Friday, September 30, 2022

BPCL Privatization: The ‘LPG Subsidy’ may end once BPCL is privatised, and a government order becomes a breaker

The plan providing exemption to continue the selling of subsidised LPG (Lpg Subsidy News) may come to an end once Bharat Petroleum Corporation Limited (BPCL) is privatised.

BPCL Privatization: In about 20 years, the government will issue an order limiting the supply of LPG generated in the country to exclusively government-owned oil businesses. This order has turned into a deal-breaker ahead of Bharat Petroleum Corporation Limited’s (BPCL) privatisation proposal to keep subsidised LPG sales going (Lpg Subsidy News). The question now is whether BPCL will continue to provide subsidised gas if it is privatised.

The government sought legal advice.

According to government officials acquainted with the situation, legal advice is now being sought to determine if the allocation of LPG generated by corporations such as ONGC and GAIL to BPCL following privatisation is correct. Let us remind you that BPCL now has over 8.4 crores of residential LPG users. There are 21 million Ujjwala consumers among them. The company’s own oil-refining units’ LPG production is insufficient for this.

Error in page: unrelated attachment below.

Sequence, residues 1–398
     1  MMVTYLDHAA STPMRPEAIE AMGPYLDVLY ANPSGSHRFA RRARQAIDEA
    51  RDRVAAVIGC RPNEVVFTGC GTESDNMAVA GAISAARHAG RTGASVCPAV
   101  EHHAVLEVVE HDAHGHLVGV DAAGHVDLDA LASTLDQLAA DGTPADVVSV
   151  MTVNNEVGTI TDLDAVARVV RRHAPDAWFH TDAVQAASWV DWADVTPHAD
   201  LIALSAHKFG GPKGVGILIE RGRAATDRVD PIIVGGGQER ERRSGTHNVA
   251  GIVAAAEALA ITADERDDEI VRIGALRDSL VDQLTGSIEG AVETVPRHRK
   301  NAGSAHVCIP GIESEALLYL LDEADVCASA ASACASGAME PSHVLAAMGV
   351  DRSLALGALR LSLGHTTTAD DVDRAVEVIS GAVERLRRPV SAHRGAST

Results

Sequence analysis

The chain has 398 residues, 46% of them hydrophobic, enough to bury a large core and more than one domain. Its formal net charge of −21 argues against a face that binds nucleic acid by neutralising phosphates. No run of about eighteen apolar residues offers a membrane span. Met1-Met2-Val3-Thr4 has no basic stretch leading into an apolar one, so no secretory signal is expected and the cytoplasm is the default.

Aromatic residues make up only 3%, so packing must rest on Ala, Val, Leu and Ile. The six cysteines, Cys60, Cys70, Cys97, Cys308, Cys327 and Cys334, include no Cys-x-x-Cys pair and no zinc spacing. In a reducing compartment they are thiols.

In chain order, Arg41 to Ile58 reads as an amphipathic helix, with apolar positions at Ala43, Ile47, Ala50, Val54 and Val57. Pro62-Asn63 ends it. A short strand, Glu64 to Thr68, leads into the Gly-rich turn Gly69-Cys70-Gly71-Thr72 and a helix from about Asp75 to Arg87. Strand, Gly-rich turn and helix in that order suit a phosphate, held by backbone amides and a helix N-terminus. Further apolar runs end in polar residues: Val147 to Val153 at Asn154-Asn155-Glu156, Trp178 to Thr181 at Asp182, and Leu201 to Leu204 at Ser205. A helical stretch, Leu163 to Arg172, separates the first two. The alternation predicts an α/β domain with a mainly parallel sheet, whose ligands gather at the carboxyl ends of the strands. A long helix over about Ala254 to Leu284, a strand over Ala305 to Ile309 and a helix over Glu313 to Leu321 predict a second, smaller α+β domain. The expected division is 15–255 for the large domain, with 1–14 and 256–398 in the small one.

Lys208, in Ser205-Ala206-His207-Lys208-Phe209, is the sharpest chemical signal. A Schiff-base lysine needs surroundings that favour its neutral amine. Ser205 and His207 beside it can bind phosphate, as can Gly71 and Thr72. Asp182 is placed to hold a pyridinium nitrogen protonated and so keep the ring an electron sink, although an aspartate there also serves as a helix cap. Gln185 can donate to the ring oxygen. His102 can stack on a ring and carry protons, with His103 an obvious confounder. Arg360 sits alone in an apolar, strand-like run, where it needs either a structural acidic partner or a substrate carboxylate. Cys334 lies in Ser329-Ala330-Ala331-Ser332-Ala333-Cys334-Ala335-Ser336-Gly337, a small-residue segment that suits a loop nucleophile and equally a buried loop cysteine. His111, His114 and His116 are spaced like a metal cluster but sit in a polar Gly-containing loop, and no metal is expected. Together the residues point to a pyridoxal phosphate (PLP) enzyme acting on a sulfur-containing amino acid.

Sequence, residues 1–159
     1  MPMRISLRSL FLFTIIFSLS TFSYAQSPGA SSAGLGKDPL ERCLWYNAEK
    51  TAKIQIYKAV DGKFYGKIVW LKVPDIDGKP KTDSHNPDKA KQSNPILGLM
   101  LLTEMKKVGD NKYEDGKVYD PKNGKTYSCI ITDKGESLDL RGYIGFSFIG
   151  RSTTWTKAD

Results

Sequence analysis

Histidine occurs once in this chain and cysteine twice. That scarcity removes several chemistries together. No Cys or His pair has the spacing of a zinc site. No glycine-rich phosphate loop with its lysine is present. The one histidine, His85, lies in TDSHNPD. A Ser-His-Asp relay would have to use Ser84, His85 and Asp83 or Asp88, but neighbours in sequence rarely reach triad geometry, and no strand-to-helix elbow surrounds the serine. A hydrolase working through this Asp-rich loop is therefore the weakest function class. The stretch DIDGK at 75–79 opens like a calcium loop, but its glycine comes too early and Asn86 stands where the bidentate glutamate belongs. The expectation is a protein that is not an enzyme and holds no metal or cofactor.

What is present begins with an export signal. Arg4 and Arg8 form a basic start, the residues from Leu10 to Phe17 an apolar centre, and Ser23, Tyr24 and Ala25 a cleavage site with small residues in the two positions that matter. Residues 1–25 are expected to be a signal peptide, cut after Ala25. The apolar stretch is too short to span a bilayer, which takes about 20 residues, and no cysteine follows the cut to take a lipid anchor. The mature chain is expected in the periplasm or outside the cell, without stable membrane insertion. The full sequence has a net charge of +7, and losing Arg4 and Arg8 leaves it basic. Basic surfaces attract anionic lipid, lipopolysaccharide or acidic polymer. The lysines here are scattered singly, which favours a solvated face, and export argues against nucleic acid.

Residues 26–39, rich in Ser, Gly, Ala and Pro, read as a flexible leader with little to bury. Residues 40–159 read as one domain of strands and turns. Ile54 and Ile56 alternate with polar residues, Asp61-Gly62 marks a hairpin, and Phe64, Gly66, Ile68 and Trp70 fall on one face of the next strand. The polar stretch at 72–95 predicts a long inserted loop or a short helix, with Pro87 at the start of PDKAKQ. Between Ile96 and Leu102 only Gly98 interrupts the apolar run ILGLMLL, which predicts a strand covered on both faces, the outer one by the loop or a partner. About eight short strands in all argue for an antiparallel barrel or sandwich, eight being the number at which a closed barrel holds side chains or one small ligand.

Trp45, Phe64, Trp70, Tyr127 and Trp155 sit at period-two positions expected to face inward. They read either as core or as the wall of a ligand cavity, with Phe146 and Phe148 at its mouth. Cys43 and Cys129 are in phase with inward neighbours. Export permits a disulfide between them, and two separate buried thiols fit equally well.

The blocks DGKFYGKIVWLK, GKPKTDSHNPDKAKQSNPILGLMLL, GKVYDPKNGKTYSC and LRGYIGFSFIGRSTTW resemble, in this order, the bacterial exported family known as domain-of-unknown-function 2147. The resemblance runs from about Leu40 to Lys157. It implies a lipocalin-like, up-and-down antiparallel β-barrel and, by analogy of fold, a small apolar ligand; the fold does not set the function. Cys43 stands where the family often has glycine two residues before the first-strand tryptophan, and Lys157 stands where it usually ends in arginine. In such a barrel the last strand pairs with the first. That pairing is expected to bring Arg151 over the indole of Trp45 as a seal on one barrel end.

Read More: Indian Railways, IRCTC: Big news for railway passengers! Now these 44 trains will be able to travel without reservation, see list

Control Order for LPG

BPCL, like other oil marketing companies, buys LPG from state-owned firms such as ONGC and GAIL (India) Limited, as well as private enterprises such as Reliance Industries Limited. Only government-owned oil marketing businesses are subject to the LPG (Regulation of Supply and Distribution) Order, 2020, also known as the LPG Control Order, 2000 – Provisions for sale of indigenously produced LPG to BPCL by Indian Oil Corporation (IOC), Hindustan Petroleum Corporation Limited (HPCL).

ONGC and GAIL’s BPCL have been banned.

The rule prohibits private enterprises from purchasing LPG generated by ONGC and GAIL. LPG suppliers in the private sector must rely on imported gas. The Control Order, 2000 was enacted in response to the country’s LPG shortage. This ruling will prevent ONGC and GAIL from selling LPG to BPCL once the company is privatised, according to officials. As a result, the administration is seeking legal advice on the matter.

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